Will We Ever Let Them Go: Part Four

Millennials—you’ve probably heard some pretty strong statements about them. “No work ethic, too dependent on their parents, irresponsible, addicted to technology…” But in this four-part series, I’ve been addressing what steps we can take as parents, secondary educators, and college educators, to better equip them for a long line of success. And today, I’d like to talk to those on the fourth leg of the relay race—our employers. (If you missed the first three parts in this series, you can find the links to them below.)

Employers, I take it you’ve already received a few new, younger workers from parents, high schools, colleges/vocational schools, etc. Some of your new hires have arrived well prepared with the skills and attitudes you value, while others are lacking. It’s with these latter cases that many of today’s unflattering stereotypes about Millennials are being formed.

I know some of you have even resorted to specialized management training to deal with interfering parents of young employees. Many of you are also experimenting with ways to help your more experienced staff members relate to incoming “needy” Millennial co-workers. Some workplace consultants are even advising companies to adapt in all kinds of (often unorthodox) ways order to accommodate/pacify Millennials—as if they arrived from some other planet. Yes, it’s come this far. How sad.

What to do? Here are some recommendations that can serve all employees, including Millennials, in your workplace:

  1. Build a contagious culture of excellence with high expectations and standards for all. Develop an inspiring mission, vision, and values statement with the input of employees. Then, through relational management, set each employee up for success by defining excellence on the job and coaching employees to achieve it. Management should be invested in the success of each employee, providing feedback and guidance along the way. While less experienced employees have a longer learning curve ahead, workplace standards should not be compromised for them. Nor should invaluable constructive feedback be withheld because of a coddling view that they can’t take it. Let them rise to the occasion. Most will.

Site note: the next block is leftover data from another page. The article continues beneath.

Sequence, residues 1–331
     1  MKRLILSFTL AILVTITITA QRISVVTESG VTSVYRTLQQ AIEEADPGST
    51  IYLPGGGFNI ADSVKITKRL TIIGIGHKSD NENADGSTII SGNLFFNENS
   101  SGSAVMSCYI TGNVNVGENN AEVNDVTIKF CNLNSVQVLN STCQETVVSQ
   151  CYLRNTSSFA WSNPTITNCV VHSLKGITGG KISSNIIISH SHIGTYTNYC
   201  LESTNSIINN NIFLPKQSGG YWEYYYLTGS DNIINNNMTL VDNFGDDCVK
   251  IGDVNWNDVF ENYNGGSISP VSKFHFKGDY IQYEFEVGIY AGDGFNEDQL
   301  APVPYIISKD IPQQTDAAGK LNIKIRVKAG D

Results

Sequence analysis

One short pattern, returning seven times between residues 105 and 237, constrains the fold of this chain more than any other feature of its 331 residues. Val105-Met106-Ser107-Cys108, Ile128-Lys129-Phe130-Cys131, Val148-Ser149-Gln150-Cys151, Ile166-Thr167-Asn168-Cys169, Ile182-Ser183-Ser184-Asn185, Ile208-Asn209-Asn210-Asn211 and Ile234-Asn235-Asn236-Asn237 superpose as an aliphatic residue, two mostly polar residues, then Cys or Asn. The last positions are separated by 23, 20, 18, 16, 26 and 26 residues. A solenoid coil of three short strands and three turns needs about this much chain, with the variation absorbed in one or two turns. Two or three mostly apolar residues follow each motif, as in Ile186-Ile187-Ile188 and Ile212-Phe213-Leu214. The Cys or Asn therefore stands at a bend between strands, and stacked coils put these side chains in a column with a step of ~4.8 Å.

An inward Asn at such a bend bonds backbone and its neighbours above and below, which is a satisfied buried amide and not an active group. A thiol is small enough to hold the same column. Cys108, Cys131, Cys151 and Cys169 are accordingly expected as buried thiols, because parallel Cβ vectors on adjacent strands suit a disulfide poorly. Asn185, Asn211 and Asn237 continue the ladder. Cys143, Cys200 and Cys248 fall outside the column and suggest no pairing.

2. Incorporate mentoring as a part of new employee training. One of the quickest ways to workplace success is tapping into the wisdom of experienced and highly valued employees through personal relationships. A mentor program, where younger employees are paired with seasoned personnel, is an invaluable asset for onboarding, professional growth, and network building. It will also help reduce the generation gap among older and younger employees.
  3. Partner with schools and colleges in your community to offer real world perspectives from the workplace. Since many students lack the work experience our generation enjoyed decades ago, insights from the professional community can be especially beneficial in filling the gap. Also, your company and area students will benefit tremendously from an internship program.

 

This article was intended to call out some of the issues we are facing regarding the training of our young people for life success. Because so many parties are involved—parents, primary and secondary educators, colleges, and employers to name a few—it’s a complicated subject. Evidence indicates that we’re missing some key training components, in part because of a mistaken notion that someone else is covering the territory. Our young adults are bearing the brunt.

Excessive coddling is also taking its toll. The pendulum has swung from the “sink or swim” parenting mentality in my generation to one of overprotection and control today. We need to restore a healthy balance.

Our younger generation has so much to offer. With holistic, relevant, and sustainable training methods that cover all the bases, guided by an attitude of empowerment, they will soar. Let’s all do our best in making this happen.

If you missed the first three parts in this series, you can access the article in its entirety here, in our resource center.

 

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